“I don’t think Patrick’s in charge, but I think he has seized the microphone,” said Harvey Kronberg, the publisher of The Quorum Report, an online Texas political journal. “There’s no sense of coordination coming out of the governor’s office, so it’s left a vacuum that we haven’t seen since the days of Ann Richards, who became isolated for a variety of reasons. Abbott has not learned how to exercise his power.”
In the coming days, Mr. Abbott faces a crucial test.
The legislative session ended on Memorial Day, but Mr. Abbott will decide whether to call lawmakers back for a special session, something only the governor has the authority to do. Mr. Patrick has called on Mr. Abbott to put a bathroom bill on the agenda. If Mr. Abbott does not, he will upset Mr. Patrick and Mr. Patrick’s far-right supporters. If he does, he will please social conservatives but play into the narrative that he is, in effect, following the lead of Mr. Patrick.
It was Mr. Patrick, gavel in hand, who appeared on the February cover of Texas Monthly, which called him “the most influential person in Texas politics.”
Then, in late April, Michael Quinn Sullivan, a conservative leader, sent an email to supporters at 4:20 a.m., longing for the days of Mr. Perry and writing “Where’s the Governor?” in the subject line. Weeks later, in The Lubbock Avalanche-Journal, Jay Leeson, a columnist and talk-radio co-host, quoted an unnamed Republican lawmaker who said the state was being “run by Governor Hodge,” a reference to Mr. Abbott’s chief of staff, Daniel Hodge.
Mr. Abbott shows no sign of being either under pressure or under attack. In the interview in his office on the second-floor of the Capitol, he was at ease and engaging, and he expressed confidence in his steady hand at the helm of the country’s second-most-populous state. The only indication of turmoil came from the wall-size painting of the siege of the Alamo to his right.
Asked about the political chatter that he was bothered by the Texas Monthly cover, Mr. Abbott replied, “With all due respect, with regard to any media story, I could care less.” He added, “My focus is on the people of Texas, and I could care less what any story writes.”
But whether he or Mr. Patrick is calling the shots, the constituency they are courting is all on the right.
“The body politic has become more conservative,” Mr. Abbott said. “I have been in politics as an elected official since 1992, so I’ve been familiar with the body politic, with the people of the state of Texas at the ground level, for decades now. And it’s very palpable that the people in the state of Texas are more conservative than they were decades ago when I first got elected, and the conservatives are more organized.”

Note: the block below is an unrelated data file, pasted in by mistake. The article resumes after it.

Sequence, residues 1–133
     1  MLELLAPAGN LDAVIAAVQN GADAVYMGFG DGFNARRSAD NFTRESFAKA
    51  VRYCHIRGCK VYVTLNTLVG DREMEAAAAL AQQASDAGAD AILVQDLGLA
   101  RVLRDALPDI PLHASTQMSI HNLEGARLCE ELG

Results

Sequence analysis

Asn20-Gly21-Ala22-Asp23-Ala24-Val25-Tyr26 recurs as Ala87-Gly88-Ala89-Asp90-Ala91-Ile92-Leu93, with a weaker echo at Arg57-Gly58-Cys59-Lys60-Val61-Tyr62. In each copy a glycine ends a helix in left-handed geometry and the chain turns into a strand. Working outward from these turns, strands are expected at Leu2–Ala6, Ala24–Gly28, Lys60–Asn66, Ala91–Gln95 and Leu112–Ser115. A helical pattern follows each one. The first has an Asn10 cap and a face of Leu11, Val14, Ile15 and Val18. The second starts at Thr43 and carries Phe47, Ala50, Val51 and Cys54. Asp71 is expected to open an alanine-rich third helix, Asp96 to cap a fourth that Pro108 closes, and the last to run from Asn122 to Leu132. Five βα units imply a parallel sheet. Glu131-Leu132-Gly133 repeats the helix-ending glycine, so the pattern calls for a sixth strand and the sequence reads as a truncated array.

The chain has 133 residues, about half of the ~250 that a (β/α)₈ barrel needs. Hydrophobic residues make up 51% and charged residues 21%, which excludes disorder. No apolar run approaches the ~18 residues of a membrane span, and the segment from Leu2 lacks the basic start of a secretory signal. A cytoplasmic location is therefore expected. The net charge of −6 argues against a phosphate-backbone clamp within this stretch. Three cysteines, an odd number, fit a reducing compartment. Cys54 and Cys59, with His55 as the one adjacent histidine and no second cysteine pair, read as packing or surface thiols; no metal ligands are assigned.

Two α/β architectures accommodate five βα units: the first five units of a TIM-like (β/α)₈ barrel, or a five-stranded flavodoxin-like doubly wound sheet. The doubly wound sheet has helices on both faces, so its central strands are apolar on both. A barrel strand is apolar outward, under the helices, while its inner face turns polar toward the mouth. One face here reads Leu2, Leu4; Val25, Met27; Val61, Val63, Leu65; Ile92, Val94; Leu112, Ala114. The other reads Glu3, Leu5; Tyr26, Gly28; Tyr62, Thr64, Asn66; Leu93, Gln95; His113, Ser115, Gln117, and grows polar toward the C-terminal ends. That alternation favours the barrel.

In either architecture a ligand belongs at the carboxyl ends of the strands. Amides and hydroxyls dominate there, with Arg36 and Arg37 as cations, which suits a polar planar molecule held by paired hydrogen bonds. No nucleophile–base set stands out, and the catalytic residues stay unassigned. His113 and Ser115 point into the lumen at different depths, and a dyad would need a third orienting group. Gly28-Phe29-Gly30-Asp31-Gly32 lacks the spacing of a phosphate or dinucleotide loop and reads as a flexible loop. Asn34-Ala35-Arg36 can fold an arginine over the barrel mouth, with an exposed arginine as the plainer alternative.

Mr. Abbott’s behind-the-scenes work ethic is the stuff of legend.
He read every bill sent to his desk in the 2015 legislative session — all 1,300 of them. Last year, he suffered third-degree burns on his feet and shin from a hot shower while vacationing in Wyoming, but he rushed to Dallas, in pain and against the advice of doctors, after a gunman there had killed five police officers at a demonstration. About 20 hours after being burned in Wyoming, he attended a news conference in Dallas with local officials.
But his tendency to pull away from the spotlight has worked against him, too. Mr. Abbott made a remark at a gun range in Austin last month that some interpreted as a joke about shooting reporters. In fact, he seemed to be indicating that his bullet-ridden target was proof of his good aim, and that he would carry the target around to show any skeptical reporters. But he never clarified what he meant or commented about it publicly, allowing a misperception that he is hostile to reporters to thrive on social media.
Another perception that lingers in Austin is that Mr. Patrick plans to run against Mr. Abbott in 2018. Mr. Patrick and those close to him have repeatedly denied the rumors, but the speculation persists that Mr. Patrick is more a rival to Mr. Abbott than a colleague.
Mr. Abbott said he had a positive working relationship with Mr. Patrick and shared many of his views, but dismissed any notion that Mr. Patrick was setting the agenda in Texas.
“The governor’s job is far bigger than just a legislative session,” Mr. Abbott said. “Most of my time is devoted to being the C.E.O. of Texas, not being involved in a legislative session.”